Hornbill Nest Project (Thailand)

The Oakland Zoo participates in the Hornbill Nest Adoption Project through Thailand's Hornbill Research Foundation, which is led by Dr. Pilai Poonswand. Funding sent to this project helps the foundation collect data on the biological and ecological aspects of these birds, including their important ecological role in dispersing seeds throughout the forest. It is said that the forests need the hornbill as much as the hornbills need the forests!

Hornbills range from 15 inches to 4 feet in length with large, brightly-colored, elaborately structured bills. These birds are distributed throughout the Old World tropics with 25 species occurring in Africa and 20 in Asia. Most hornbills consume fruit when it is available but otherwise will eat almost any animal they can overpower. A fascinating nesting technique, whereby the female is walled-up inside a hollow tree cavity by the male, who uses feces, food particles, and mud is unique to the hornbill. The large ground hornbill is the only species that does not utilize tree cavities for nesting.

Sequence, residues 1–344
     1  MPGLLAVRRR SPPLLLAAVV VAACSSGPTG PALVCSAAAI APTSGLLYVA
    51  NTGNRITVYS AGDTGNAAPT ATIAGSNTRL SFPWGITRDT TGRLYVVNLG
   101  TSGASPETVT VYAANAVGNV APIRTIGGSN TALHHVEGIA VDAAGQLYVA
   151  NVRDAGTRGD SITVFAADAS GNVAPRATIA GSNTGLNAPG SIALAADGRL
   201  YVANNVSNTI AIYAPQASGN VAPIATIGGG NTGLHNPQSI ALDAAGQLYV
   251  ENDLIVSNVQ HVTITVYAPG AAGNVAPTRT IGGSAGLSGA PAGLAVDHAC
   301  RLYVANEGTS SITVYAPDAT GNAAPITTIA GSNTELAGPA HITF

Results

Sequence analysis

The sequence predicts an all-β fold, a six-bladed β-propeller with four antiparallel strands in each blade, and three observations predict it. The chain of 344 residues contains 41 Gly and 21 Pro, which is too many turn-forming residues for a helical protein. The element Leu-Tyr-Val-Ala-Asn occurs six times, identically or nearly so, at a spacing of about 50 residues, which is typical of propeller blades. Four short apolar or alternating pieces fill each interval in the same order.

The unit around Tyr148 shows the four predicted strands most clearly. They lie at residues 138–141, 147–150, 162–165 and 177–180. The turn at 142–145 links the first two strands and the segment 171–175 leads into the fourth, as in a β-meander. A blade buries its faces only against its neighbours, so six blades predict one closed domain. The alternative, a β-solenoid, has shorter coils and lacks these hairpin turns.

The Hornbill Nest Adoption Project, founded in 1998 in Budo-Sangai National Park, pays the local rural communities to watch over the nests of hornbills. This provides a financial incentive for protecting the hornbills and also instills a spirit of stewardship for the forest and its wildlife. This is a win-win situation, providing income to the community, protecting the hornbills, and aiding researchers in collecting valuable data about the species. For more information visit: http://www.zoo.org/conservation/PFW/hornbill-research.

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